A further promotion awaited Martin, for in the neighbouring city of Tours, his name and power were already famous and, when the Bishop died, the Christians there sought him as his successor. Knowing, however, that his humility would make their task very difficult, they decided to bring him into their midst by a stratagem. A certain Rusticus was sent to seek the Saint’s aid in healing a woman who was ill and he hastened to respond in his usual warmhearted way. Arrived at Tours, however, he found the whole population gathered at the Cathedral, with several of the neighbouring Bishops, and he was hailed as Bishop with great acclamation, after the fashion of the time. Some of the prelates, to be sure, had been doubtful about the choice of this eccentric, rustic-looking man of God, but they yielded to the popular voice and in July, 371, Martin was consecrated as Bishop of the city which was to be henceforth inseparably linked with his name and fame.
With the triumph of Christianity in the Empire, the Bishops had become official personages of tremendous importance in its life, which was still centred in its municipal institutions. As the older magistrates fell into decay and the former civic ruling class became bankrupt, the Episcopal authority became all important for defence and administration, as well as for the relief of the poor and those oppressed by bureaucratic tyranny and corruption. But, while Martin had accepted his consecration as the will of God, he had no intention of becoming a magnificent sacred official, surrounded by an array of lesser officials and a court of clients and hangers-on. He dressed in the coarse drugget of a monk, just as he had before; he continued to live in rigorous austerity and to sleep on the ground; and he did not allow his civic responsibilities to diminish his missionary activities and journeys in the surrounding countryside.
Marmoutier and the Apostolate
To begin with, the Bishop lived in a small hut near the Cathedral, which his successor, Saint Gregory of Tours, was to convert into a chapel. Then, finding that the city crowds encroached too much upon his prayer and contemplation, he founded a new monastic settlement higher up the Loire, where some eighty of his disciples came to join him. This was the beginning of the “Majus Monasterium,” Marmoutier, whose rule of prayer, labour and learning was later to serve as a model to Saint Benedict in the founding of his own order. Marmoutier was, from the first, a school and seminary as well as a monastic community. Young children were admitted there — among them Saint Brice, who received lessons from Saint Martin himself from his infancy, though, to begin with, he took small profit from them. Young men of distinguished birth bent themselves to austere living under their Bishop-Abbot’s guidance and cities throughout Gaul sought his monks to rule them as Bishops because of their reputation for erudition and holiness. Martin did not neglect his work as a bishop while devoting himself to the growth and guidance of Marmoutier and he continued to travel widely through his diocese, and beyond it also, in order to spread the faith in the country regions, which were still entirely pagan. It is impossible to follow the details of his wide wanderings, but traces of them can be found in the long memories of the peasants and in the traditional cultures of Saint Martin and the sanctuaries consecrated to his honour to be found in the east, north and centre of what was then Roman Gaul, as well as in Aquitaine and the Rhône Valley. How many of these regions he himself visited, and how many owe their legendary veneration of him to the age-long passage of pilgrims, or to the devotion of his disciples, it is not possible now to discover.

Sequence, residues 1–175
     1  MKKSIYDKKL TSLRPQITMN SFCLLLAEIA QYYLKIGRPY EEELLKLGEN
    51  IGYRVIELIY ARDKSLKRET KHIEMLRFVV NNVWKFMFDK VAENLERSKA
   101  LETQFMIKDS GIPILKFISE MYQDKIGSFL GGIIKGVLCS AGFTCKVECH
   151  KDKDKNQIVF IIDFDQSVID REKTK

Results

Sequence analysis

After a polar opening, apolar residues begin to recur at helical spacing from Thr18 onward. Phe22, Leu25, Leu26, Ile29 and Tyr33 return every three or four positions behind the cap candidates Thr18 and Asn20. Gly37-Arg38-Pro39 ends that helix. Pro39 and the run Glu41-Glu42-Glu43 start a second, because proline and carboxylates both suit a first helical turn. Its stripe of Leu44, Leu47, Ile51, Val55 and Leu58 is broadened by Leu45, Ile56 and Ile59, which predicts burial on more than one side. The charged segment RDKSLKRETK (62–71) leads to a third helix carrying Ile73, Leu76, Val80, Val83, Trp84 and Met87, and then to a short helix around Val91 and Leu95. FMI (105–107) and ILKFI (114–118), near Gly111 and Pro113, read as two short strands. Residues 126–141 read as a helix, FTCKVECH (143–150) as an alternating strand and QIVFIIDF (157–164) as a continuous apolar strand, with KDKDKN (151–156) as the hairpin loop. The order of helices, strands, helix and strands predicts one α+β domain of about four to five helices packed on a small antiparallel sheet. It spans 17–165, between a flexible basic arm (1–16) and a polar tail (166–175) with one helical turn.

It is clear, however, that the multiplication of the French rural parishes is due largely to his work. When the inhabitants of a village had been Christianized, he made a point of setting up a centre of worship, with a college of priests and lesser clerics attached to it (a certain number of parishes in the Touraine area certainly owe their origin directly to Saint Martin). And, like a good shepherd, he made a point of visiting these new “sheepfolds” regularly, making continual journeys around his diocese for that purpose, as well as to open up new fields of apostolic activity. He journeyed to and fro without anything in the nature of pomp — in a cart or on foot, or mounted on a donkey, together with a group of disciples. He commonly refused the hospitality of the great houses, whether in the country or the town, “bedding down” on straw in the sacristy of the Church.
Legends of the Wonder Worker
Some legendary anecdotes of the missionary journeys of Saint Martin have become so popular in France that they deserve to be recounted — if only to show his reputation as a man of wonderful works. At the place called Saint Barthèlemy, near Tours, he is said to have “debunked” a pretended martyr whose tomb had become the object of misguided local veneration. Having recourse to God to solve his doubt about the personage, he had the vision of a “horrible spectre” who declared that he was, indeed, no martyr, but a ruffian who had met with the richly deserved punishment of his crimes. Saint Martin immediately had the altar over the tomb pulled down and the false cult came to an abrupt end.